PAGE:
Redknapp seeking 'Mendes moment' for Rs

Posted by Miguel Delaney

EmpicsPedro Mendes lifted Harry Redknapp's Portsmouth side in 2006

Whatever happens against Sunderland on Saturday, we’re highly unlikely to hear any lines from Harry Redknapp that he was only concentrating on his own team. In fact, he’s already admitted he’s simply unable to do that.

Because, at the exact same time as QPR host Martin O’Neill’s side, there will be a game on up the road which may have as much - or even greater - effect on the Loftus Road side’s survival chances. Depending on how Reading v Aston Villa goes, QPR might have safety in clear sight or be once again cut adrift.

The potential differences are that extreme; it’s that kind of day; it's that stage of the season.

“I don’t block ‘em out,” Redknapp admitted on Friday. “I look at every game. I put myself through the agonies. I’d be a liar if I said otherwise. It’s probably silly really. It’s agony!”

At the least, Redknapp is viewing at things from a slightly easier vantage point. In fact, he’s looking at it all from a very different perspective altogether. Because, having earlier been asked about International Women’s Day at his Friday press conference - and gone out of his way to praise the standards of the female game and the potential of a woman one day managing a Premier League side - Redknapp came up with a rather distinct analogy for the effect of a win on a team.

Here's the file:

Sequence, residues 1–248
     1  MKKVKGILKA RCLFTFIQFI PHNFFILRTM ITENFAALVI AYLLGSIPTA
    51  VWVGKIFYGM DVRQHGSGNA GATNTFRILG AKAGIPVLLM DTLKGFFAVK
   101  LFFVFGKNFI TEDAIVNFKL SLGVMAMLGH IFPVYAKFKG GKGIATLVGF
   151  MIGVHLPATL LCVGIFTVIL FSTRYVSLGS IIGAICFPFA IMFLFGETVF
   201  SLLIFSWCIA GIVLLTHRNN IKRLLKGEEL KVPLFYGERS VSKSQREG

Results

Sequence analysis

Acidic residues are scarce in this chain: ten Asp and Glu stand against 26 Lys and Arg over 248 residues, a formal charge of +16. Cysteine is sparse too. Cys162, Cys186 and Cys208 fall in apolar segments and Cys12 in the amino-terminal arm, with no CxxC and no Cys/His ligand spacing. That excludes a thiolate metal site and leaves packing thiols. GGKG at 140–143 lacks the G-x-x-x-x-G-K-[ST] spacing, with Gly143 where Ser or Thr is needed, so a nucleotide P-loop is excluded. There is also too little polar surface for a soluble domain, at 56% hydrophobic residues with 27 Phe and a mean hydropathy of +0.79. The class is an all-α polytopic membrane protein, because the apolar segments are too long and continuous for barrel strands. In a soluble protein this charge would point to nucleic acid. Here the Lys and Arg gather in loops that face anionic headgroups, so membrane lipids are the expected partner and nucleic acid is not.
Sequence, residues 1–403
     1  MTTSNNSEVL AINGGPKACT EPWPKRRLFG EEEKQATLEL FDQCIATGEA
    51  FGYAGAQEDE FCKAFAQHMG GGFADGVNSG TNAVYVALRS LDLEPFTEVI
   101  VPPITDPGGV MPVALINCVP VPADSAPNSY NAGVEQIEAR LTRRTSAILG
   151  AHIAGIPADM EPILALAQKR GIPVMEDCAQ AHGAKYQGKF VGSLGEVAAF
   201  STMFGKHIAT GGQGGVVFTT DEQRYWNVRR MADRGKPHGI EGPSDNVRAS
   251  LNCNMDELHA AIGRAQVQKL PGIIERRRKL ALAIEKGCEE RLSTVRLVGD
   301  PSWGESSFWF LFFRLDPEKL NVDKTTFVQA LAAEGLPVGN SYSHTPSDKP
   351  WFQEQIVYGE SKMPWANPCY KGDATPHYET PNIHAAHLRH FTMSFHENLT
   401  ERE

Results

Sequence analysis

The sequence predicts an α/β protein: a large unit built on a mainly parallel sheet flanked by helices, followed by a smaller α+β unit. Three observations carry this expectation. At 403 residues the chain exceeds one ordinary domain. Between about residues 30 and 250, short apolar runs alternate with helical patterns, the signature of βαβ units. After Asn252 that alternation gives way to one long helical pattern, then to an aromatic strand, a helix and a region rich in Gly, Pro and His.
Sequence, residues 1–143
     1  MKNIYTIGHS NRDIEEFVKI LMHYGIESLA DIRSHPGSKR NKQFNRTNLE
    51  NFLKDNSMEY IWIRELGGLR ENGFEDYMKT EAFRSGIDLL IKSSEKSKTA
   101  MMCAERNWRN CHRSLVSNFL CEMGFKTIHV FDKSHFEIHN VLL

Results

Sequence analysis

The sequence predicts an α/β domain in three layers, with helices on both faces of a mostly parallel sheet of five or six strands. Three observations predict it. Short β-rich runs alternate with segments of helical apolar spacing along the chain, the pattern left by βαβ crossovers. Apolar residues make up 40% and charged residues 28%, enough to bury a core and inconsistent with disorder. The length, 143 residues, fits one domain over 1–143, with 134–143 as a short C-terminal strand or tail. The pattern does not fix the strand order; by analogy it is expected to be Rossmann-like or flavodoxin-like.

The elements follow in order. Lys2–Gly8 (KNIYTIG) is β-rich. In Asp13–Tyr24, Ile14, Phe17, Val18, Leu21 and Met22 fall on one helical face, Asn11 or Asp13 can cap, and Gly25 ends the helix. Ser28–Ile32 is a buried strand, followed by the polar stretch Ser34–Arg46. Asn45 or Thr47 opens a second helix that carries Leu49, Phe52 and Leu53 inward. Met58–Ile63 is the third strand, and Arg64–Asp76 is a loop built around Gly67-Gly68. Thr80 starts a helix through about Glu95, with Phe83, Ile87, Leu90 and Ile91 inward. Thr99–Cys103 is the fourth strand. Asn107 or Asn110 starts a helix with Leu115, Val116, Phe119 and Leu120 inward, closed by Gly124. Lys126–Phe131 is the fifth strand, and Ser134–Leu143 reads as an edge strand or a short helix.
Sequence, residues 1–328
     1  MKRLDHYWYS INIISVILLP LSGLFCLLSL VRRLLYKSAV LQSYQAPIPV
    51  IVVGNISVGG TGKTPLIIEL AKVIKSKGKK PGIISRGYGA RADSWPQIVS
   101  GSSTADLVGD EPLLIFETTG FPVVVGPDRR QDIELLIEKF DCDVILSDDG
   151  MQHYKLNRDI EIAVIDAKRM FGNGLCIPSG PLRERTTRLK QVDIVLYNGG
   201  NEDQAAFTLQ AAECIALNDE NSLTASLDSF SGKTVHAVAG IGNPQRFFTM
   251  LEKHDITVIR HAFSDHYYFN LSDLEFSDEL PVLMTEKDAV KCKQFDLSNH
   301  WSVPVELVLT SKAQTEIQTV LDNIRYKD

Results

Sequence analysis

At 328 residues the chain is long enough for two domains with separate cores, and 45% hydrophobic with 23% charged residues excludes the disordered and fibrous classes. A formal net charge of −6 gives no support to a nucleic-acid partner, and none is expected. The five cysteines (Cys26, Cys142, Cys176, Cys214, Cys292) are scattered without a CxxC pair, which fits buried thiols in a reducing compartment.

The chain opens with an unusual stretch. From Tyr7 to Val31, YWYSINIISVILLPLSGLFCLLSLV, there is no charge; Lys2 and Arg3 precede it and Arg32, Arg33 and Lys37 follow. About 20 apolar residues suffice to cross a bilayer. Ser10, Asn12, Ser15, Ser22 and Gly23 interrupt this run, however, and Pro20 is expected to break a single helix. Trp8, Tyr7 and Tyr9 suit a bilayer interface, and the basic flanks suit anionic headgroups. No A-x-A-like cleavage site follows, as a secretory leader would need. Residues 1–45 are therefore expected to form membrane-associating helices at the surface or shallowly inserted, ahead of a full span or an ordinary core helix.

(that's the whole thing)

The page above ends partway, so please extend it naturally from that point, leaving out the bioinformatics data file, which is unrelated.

“Oh, it’s been much more pleasant. Your whole Saturday is different,” he said. “Everything is different, the whole world looks different. It’s like when the summer comes and you see all the girls walking about in miniskirts. When the sun’s out, all the girls look fantastic.”

Quite.

A more appropriate parallel, perhaps, is an incident that Redknapp has already spoken about this season: a ‘Pedro Mendes moment’. Before Christmas, the QPR boss mentioned the last-minute winner the Portuguese midfielder scored in his Portsmouth side’s eventual 2-1 victory over Manchester City back in March 2006. It completely changed the mood around Fratton Park and kick-started their survival push.

And, given everything that preceded it with the stories about the Dubai trip, given how the game went and given how late Jay Bothroyd’s winner came, Redknapp feels that last week’s 2-1 win away to Southampton could have an identical effect.